Party Earth Review “Let’s go to the Mall” has a different meaning in DC, where the National Mall brings in more than twenty-four million visitors a year – all without the help of an Apple Store. Stretching from the Capitol Building on the... ... read full review
Between Independence Avenue and
Constitution Avenue from the Capitol
to the Lincoln Memorial
Washington, DC 20560
Blue, Orange Lines: Smithsonian; Blue, Orange, Red Lines: Metro Center
Visitor Information: 202–426–6841; Park Headquarters: 202–485–9880
National Mall 24/7; Smithsonian Museums daily 10am–5:30pm
Capitol Hill, Washington, DC –
“Let’s go to the Mall” has a different meaning in DC, where the National Mall brings in more than twenty-four million visitors a year – all without the help of an Apple Store.
Stretching from the Capitol Building on the east side to the towering Lincoln Memorial on the west, this historic two-mile stretch of grass, fountains, and sculptures is also home to some of the most iconic buildings and institutions in the District, including ten Smithsonian museums along its outer edge and the eponymous Washington Monument near its center.
Conspiracy theorists assert the entire area is steeped in hidden Masonic code – ranging from fun factoids about how star alignment determined the layout, to global paranoia à la Dan Brown – and recent discoveries suggest the site of the National Museum of the American Indian used to be the locale of Civil War-era Hall’s Bordello, the largest brothel in the District.
Though they don’t offer specifics, management officials do admit secret passageways abound within the Mall, and more than a few witnesses claim to have seen the ghost of James Smithson – creator of the initial Smithsonian endowment – wandering the grounds.
Ghosts and global control aside, the Mall hosts everything from afternoon picnics and movie screenings to massive political rallies, and the gravel path that encircles it is just as likely to be awash with young field trippers as it is photo-crazed families, groups of outdoorsy friends, and politicos on a lunch break.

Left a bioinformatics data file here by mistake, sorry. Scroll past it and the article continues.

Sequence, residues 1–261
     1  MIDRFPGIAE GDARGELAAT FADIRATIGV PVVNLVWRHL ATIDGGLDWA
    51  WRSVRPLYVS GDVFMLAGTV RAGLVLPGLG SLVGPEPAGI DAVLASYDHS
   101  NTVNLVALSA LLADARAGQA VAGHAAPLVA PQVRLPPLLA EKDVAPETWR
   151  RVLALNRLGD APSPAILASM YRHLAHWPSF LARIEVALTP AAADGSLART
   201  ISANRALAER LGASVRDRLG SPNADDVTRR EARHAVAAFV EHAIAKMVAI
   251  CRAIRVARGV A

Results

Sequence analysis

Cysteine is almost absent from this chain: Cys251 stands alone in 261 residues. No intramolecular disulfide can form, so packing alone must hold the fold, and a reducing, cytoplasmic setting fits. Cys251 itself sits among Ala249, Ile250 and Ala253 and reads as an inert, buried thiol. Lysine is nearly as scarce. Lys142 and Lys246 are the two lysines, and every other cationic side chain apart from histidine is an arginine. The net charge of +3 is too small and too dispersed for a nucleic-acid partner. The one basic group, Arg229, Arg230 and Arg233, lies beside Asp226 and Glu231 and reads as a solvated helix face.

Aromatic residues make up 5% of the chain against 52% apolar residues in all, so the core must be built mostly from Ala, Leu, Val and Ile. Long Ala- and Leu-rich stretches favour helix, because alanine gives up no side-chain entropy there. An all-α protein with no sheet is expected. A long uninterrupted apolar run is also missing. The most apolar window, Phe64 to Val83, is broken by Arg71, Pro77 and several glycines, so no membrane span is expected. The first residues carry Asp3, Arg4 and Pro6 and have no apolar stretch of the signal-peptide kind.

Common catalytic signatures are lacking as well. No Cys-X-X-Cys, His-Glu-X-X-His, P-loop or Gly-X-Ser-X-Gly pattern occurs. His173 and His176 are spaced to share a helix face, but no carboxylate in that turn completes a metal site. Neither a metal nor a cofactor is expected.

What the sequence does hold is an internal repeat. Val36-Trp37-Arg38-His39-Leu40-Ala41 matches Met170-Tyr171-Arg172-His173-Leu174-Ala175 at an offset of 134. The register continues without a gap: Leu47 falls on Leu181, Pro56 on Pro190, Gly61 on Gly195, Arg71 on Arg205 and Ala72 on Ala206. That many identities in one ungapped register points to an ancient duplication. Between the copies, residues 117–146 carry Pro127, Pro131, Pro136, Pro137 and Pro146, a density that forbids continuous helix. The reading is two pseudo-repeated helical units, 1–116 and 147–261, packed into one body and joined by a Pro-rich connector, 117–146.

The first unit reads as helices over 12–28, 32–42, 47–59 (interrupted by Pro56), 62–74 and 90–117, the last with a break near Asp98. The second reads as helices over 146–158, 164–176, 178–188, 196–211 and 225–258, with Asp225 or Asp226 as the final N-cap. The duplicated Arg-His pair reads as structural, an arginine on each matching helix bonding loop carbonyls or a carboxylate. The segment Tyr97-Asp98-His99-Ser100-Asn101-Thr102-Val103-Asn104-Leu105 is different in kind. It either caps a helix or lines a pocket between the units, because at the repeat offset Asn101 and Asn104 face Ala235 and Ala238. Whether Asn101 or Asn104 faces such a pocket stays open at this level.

Guided bike and Segway tours weave somberly through the Vietnam Memorial, while rowdier students kick soccer balls or launch Frisbees at the ducks in the two-thousand-foot Reflecting Pool, and book lovers take to the hundreds of tree-shaded nooks to while away the afternoon, occasionally interrupted by activists or street performers with dogma or donation jar in hand.
Several information booths provide free maps and directions, while dozens of white truck street vendors serve up refreshments and souvenirs.
Once the museums close and the sun goes down, the National Mall tends to get quiet, but come the next morning, it all starts again.
Walk around the base of the Washington Monument and keep your eyes peeled for a lone manhole cover. If you lift the cover, you will find an exact mini-replica of the Monument in a shaft fifteen feet deep. This was used as a guide during construction to ensure the larger Monument was being built straight.
Young professionals, bikers, runners, athletes, activists, politicians, readers, guitar players, protestors, families, tourists, kids, and dogs, all ages.
Hundreds of events and programs include live concerts, Fourth of July celebrations, Earth Day observance and Blossom Kite Festival in April, Screen on the Green outdoor movies June through August, fundraising events, and walks.
Full event calendar available here.
Historic sites and museums include:
The Lincoln Memorial.
National Gallery of Art.
National Sculpture Garden.
Lincoln Reflecting Pool.
Air and Space Museum.
WWII, Vietnam, and Korean War Memorials.
Street vendors. Food courts in museums.
Mall and all Smithsonian museums are free. Segway tours $70/person. Bike rental $35+/24 hours.
Anything goes. Backpacks and purses will be searched at museums, but there is no dress code at any venue inside the Mall. Other than the occasional naked guy during protests, visitors are expected to wear clothes.
During the day for the museums, local artists, and musicians, or to hang out on the grass. Evenings to see the monuments light up. Saturdays and Sundays for the biggest crowds.
The White House (1600 Pennsylvania Avenue NW).